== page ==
Put simply, interoperability is the ability for blockchains to interact with each other. Blockchains are great at exchanging value (like cryptocurrency) within their own architectures, but it’s challenging to exchange value across and between different blockchains. This is an impediment to scaling web3’s use cases — if people are limited to one blockchain and can’t exchange information seamlessly between them, it makes the user experience cumbersome and makes it hard for developers to build apps on top of blockchains.

In this blog, we’ll attempt to demystify these seemingly esoteric concepts based on a conversation with Jon Kol, co-founder of Hyperlane. Hyperlane enables interoperability between blockchains and wants to power the future of what it calls interchain singularity—that moment when true interoperability arrives.

In this blog, we’ll cover:

  • The blockchain interoperability problem
  • Common blockchain definitions
  • Trust & security on blockchain
  • How Hyperlane works

Why blockchain interoperability is hard to solve 

Let’s say you wanted to transfer tokens from the Solana blockchain network to Ethereum. It’s not (Read more...)

If a TV show runs in the city and nobody sees it…

When I came across this article from New York Magazine (technically the Cut, but you know what I mean) on on Fleishman Is in Trouble, I had originally intended to do a post making fun of the many passages like this.

Since leaving New York, Beth has found herself in tears at least once a week. She makes $300,000 a year — more than she’s ever earned in her life — but she’s running out of minutes in the day to squeeze out more dollars. “How do I make the $700,000 that I’m going to need to send her to private school or do the renovation in the attic so I can turn it into the master suite so I can have a tub and so I can have one thing I enjoy in my life?” she says. Her takeaway from the show: “Both avenues are shit. You can stay in New York and climb, climb, climb and never get where you need to go and give yourself a nervous breakdown, or you can move to the suburbs and be like, Who the fuck are these pod people? Neither seems great. Is the secret to it all that we have to just choose a lane and embrace it?”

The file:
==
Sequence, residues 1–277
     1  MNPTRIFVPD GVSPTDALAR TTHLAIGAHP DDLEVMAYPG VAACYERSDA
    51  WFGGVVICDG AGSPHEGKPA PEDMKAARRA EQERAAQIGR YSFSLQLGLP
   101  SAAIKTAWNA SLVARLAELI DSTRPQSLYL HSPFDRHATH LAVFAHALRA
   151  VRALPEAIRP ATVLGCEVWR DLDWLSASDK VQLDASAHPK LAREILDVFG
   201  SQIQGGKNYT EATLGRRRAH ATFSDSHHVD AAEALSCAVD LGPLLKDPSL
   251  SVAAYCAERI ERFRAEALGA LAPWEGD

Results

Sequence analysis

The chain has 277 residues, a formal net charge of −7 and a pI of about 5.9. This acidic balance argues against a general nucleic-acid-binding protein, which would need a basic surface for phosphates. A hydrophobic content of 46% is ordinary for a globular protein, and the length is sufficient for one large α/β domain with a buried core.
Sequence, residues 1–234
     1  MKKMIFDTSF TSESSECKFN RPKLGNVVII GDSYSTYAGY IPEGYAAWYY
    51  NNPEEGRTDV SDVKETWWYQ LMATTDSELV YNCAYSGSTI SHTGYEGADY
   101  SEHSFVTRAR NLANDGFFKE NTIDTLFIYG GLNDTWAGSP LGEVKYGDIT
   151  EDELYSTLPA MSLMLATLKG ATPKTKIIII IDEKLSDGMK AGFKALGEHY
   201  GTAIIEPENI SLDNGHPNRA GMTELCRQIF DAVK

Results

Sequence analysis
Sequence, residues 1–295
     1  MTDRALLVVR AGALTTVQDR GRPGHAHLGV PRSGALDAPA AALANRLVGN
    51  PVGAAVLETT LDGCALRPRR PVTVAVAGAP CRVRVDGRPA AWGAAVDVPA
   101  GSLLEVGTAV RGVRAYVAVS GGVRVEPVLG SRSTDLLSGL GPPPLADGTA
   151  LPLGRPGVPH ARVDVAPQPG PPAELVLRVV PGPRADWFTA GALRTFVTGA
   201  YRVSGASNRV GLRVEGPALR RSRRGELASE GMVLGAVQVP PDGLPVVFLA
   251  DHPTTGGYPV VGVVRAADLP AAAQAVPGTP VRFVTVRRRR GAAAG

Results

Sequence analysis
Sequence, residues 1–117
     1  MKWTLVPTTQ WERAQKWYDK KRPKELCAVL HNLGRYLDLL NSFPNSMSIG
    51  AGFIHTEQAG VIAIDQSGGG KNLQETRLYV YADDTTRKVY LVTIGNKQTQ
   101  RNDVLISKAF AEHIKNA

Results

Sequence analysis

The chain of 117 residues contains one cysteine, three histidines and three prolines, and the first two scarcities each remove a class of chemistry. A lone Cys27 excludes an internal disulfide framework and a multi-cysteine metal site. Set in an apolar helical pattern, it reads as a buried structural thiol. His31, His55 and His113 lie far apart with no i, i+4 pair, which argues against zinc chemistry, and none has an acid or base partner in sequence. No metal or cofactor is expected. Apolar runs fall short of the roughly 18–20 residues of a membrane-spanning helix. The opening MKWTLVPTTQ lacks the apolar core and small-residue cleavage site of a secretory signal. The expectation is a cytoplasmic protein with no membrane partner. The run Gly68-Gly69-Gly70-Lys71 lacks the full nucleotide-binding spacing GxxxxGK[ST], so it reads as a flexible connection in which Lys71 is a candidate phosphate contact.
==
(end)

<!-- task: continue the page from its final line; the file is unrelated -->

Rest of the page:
The national press, particularly publications with "New York" somewhere in their name), never tire of telling us about the financial and emotional hardships faced by the bottom half of the top one percent. By the standards of the genre, the (Read more...)

Investor Stories 283: Why I Passed (Mejia Hernandez, Wroblewski, Burnham)

On this special segment of The Full Ratchet, the following Investors are featured:

  • Samara Mejia Hernandez
  • Julie Wroblewski
  • Brad Burnham

Each investor highlights a situation where they decided not to invest, why they passed, and how it played out.

The leaping curve

This post is by Seth Godin from Seth's Blog

The learning curve is familiar to many people. It might be steep, but it’s continuous. Organizations (and people) work their way up it, one step at a time (it’s the black line in the graph below).

But there’s rarely a continuous learning curve.

Instead, it’s often interrupted by leaps. The moments when both feet need to leave the ground in order to get from here to there. These red boxes feel like brick walls (until we realize that they are our chance to leap.)